What are God’s commandments? Where do you find God’s commandments? In the Bible? Who gets to decide what are commandments? And how is it decided?

          • He’s going to say exactly, that’s why we need a church magisterium and why individualistic Biblical interpretation is suspect. 🙂 Right Dan?

          • He’s going to say exactly, that’s why we need a church magisterium and why individualistic Biblical interpretation is suspect. 🙂 Right Dan?

            While that’s true, Catholic teaching can be derived logically and does not require an appeal to authority or infallible inspiration.

          • Personally I think that in the Bible they were trying to record what they thought God’s commandments were. Under the best circumstances their perceptions were based on good versus bad results. Unfortunately sometimes they were just based on prejudice, or power of the rich against the poor. So the answer to your question — What are God’s commandments? Where do you find God’s commandments? In the Bible? Who gets to decide what are commandments? And how is it decided? — God’s commandments are revealed in measurable outcomes. By their fruit shall they be known. If having sex without condoms with lots of people leads to HIV and STDs, then use condoms. If it leads to psychological distress for an individual, then that individual should consider slowing down his rate of acquisition of new sexual partners. Etc 🙂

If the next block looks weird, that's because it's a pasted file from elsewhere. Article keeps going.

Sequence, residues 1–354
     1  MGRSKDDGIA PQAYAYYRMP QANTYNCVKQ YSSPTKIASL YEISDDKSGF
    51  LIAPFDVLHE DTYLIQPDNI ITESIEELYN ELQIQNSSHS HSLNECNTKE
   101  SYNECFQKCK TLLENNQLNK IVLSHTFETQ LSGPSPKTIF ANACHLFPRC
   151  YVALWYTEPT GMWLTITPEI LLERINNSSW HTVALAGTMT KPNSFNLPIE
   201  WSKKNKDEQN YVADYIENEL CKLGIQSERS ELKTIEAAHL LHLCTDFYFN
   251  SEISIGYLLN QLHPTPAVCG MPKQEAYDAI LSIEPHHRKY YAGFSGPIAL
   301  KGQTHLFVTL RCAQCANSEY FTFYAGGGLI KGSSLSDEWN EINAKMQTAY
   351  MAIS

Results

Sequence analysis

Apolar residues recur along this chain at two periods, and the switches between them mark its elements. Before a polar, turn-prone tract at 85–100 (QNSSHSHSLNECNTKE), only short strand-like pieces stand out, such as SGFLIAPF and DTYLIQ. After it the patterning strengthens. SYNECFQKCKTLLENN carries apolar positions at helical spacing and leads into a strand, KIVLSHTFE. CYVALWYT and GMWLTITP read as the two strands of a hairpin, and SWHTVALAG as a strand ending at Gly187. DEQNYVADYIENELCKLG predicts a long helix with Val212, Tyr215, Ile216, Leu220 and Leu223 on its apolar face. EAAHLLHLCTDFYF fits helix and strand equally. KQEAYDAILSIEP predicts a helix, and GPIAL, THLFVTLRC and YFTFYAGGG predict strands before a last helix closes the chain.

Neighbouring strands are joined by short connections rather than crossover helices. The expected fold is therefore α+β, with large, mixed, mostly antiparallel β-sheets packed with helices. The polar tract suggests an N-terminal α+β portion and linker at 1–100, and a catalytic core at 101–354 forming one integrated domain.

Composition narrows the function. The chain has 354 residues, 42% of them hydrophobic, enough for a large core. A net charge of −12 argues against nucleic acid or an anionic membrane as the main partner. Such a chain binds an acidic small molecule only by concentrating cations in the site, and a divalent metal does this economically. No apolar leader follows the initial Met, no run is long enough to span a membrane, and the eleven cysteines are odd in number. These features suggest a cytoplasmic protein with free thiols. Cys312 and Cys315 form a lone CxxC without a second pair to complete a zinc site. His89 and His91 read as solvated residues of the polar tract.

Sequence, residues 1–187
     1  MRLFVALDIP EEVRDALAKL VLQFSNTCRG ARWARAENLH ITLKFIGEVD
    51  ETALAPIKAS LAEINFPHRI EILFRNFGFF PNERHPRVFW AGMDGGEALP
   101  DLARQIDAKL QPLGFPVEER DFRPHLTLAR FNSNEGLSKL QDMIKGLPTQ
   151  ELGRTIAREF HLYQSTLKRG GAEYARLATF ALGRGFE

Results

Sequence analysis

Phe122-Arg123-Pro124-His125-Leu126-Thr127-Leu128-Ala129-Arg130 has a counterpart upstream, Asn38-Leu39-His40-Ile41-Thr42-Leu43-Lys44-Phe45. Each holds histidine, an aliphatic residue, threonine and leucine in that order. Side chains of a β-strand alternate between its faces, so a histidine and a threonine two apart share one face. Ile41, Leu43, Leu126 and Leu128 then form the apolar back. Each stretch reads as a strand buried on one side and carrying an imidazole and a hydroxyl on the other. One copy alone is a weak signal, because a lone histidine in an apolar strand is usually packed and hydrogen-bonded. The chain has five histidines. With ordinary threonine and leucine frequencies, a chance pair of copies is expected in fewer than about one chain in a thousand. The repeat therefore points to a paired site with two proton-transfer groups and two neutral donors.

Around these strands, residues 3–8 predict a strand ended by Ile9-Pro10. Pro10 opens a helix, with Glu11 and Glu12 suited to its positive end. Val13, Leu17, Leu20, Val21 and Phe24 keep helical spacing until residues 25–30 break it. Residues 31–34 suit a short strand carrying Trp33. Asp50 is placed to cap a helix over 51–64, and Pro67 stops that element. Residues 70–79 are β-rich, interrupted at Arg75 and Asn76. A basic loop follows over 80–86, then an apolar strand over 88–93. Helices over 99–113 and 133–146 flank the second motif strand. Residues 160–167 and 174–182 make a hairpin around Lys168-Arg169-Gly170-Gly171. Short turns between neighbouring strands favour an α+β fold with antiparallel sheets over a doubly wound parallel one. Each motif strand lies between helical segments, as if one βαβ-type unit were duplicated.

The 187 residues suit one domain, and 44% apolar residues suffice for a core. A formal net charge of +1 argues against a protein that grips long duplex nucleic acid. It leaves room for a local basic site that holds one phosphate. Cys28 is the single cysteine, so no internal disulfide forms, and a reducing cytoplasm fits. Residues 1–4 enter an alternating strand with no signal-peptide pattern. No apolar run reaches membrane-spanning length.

• By their fruit shall they be known. If having sex without condoms with lots of people leads to HIV and STDs, then use condoms. If it leads to psychological distress for an individual, then that individual should consider slowing down his rate of acquisition of new sexual partners. Etc 🙂

            You’re making a funny, right?

            The solution to problems arising from promescuity is not committing further sin by contravening God’s design for sexual union by rejecting the possibility of life, but rather rejecting promescuity.

          • God gave them to Moses on Mt. Sinai, and Jesus later offered important guidance. All of Christian belief should be able to be derived logically from these few things and from the self-evident natural law inherent in God’s creation.

            If you read the catechism, you will see that it is arranged like a series of logical proofs, starting from these and basic givens (as expressed in the Nicene Creed) and building all Catholic teaching upon them. You don’t even have to accept the Magisterium to recognize the logical inerrancy of its arguments, put forwarded and refined by thousands of years of the greatest theological minds.